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  1. Spatial ability has been shown through numerous studies to be a strong predictor of student success in STEM fields. Beyond the classroom, professionals demonstrating higher levels of spatial ability are also more likely to be successful in their STEM careers than their peers with lower spatial ability. Research has also shown that spatial ability is a malleable skill that can be strengthened through targeted intervention and leads to better retention in rigorous STEM fields. For this reason, spatial ability has been a significant focus of engineering education research. Despite the focus on spatial ability in engineering education research, members of the blind and low vision (BLV) population have largely been omitted from research in this area, likely due to the lack of a nonvisually accessible instrument for measuring spatial ability in a tactile format. This work utilizes the Tactile Mental Cutting Test (TMCT), a fully accessible adaptation of the commonly used multiple-choice Mental Cutting Test (MCT) spatial ability instrument which requires participants to identify cross sectional outlines from a three-dimensional object with a cut through it. This paper explores data collected from BLV participants who completed a TMCT test at National Federation of the Blind (NFB) sponsored summer programs for BLV youth, blindness training centers, and state and national NFB conventions. Raw scores from each TMCT participant were analyzed and ranked into high, medium, and low performing groups to help identify main characteristics of each group. In this study we examined patterns in the selected answer choices of the low scoring group to determine frequency of participant selection of distractors for each item of the TMCT. Analysis of the low-performer scores indicate that the majority of low scoring participants select incorrect answer choices that represent a side view or top view of the TMCT object as opposed to the true cross-sectional shape. Furthermore, the results suggest that certain answer choices may be overly difficult to distinguish between due to the tactile format of the exam. Results from this study can inform academia of the inherent differences between tactile and traditional spatial ability instruments and aid in the design of new tactile instruments. 
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  2. Historically, spatial ability assessments have been used to measure spatial thinking on specific constructs in students participating in science, technology, engineering, and mathematics (STEM) courses. High spatial ability is linked to greater performance in STEM courses and professional STEM career fields. A spatial ability test used commonly for this measurement is the Mental Cutting Test (MCT) developed in 1939 by the College Entrance Examination Board (CEEB). Unfortunately, the MCT is unable to measure the spatial thinking of blind or low-vision (BLV) populations due to the test being only accessible by sight. In 2018, a research lab from Utah State University (USU) adapted the MCT into a fully accessible tactile version, called the Tactile Mental Cutting Test (TMCT). The test was later split into two parallel forms, each containing 12 different questions from the MCT. The TMCT allows for researchers to better measure and understand the spatial abilities of BLV populations. The majority of BLV population samples that have taken the TMCT previously have been participants in training centers for the blind, which serve as training centers for helping BLV populations to build blindness skills and encourage independence. Additional data has been collected from youth camps sponsored by the National Federation of the Blind (NFB) and national and state NFB conventions. During the pandemic of COVID-19, many training centers across the country were closed for safety reasons, and many of the BLV population were confined to their homes to avoid infection risk. In this paper we compare pre-COVID-19 and post-2021 TMCT assessment data from BLV participants including scores and test duration between 2019 and 2022. Results show a statistically significant difference in how long it took participants to complete the TMCT between the two timeframes.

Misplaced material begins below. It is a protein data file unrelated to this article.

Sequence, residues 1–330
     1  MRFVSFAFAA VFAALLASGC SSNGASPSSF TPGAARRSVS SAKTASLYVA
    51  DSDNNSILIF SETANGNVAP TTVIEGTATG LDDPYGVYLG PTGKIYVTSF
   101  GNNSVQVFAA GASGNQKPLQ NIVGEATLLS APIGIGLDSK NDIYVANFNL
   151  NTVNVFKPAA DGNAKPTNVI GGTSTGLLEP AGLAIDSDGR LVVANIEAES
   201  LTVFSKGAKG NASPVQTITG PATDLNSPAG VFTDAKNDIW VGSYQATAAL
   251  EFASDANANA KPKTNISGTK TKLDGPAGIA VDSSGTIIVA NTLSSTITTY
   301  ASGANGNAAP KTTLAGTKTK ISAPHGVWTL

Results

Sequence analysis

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  3. There is ever-growing research indicating that high spatial ability correlates with student and professional success in science, technology, engineering, and mathematics (STEM) courses and career fields. A few valid and reliable testing instruments have been developed to measure specific constructs of spatial thinking in sighted populations. However, due to a lack of accessibility, most of these testing instruments are unable to be utilized by blind or low-vision (BLV) populations. 
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  4. There is significant work indicating that spatial ability has correlations to student success in STEM programs. Work also shows that spatial ability correlates to professional success in respective STEM fields. Spatial ability has thus been a focus of research in engineering education for some time. Spatial interventions have been developed to improve student’s spatial ability that range from physical manipulatives to the implementation of entire courses. These interventions have had positive impact upon student success and retention. Currently, researchers rely on a variety of different spatial ability instruments to quantify participants spatial ability. Researchers classify an individual’s spatial ability as the performance indicated by their results on such an instrument. It is recognized that this measured performance is constrained by the spatial construct targeted with that spatial instrument. As such, many instruments are available for the researchers use to assess the variety of constructs of spatial ability. Examples include the Purdue Spatial Visualization Test of Rotations (PSVTR), the Mental Cutting Test (MCT), and the Minnesota Paper Foam Board Test. However, at this time, there are no readily accessible spatial ability instruments that can be used to assess spatial ability in a blind or low vision population (BLV). Such an instrument would not only create an instrument capable of quantifying the impacts of spatially focused interventions upon BLV populations but also gives us a quantitative method to assess the effectiveness of spatial curriculum for BLV students. Additionally, it provides a method of assessing spatial ability development from tactile perspective, a new avenue for lines of research that expand beyond the visual methods typically used. This paper discusses the development of the Tactile Mental Cutting Test (TMCT), a non-visually accessible spatial ability instrument, developed and used with a BLV population. Data was acquired from individuals participating in National Federation of the Blind (NFB) Conventions across the United States as well as NFB sponsored summer engineering programs. The paper reports on a National Science Foundation funded effort to garner initial research findings on the application of the TMCT. It reports on initial findings of the instrument’s validity and reliability, as well as the development of the instrument over the first three years of this project.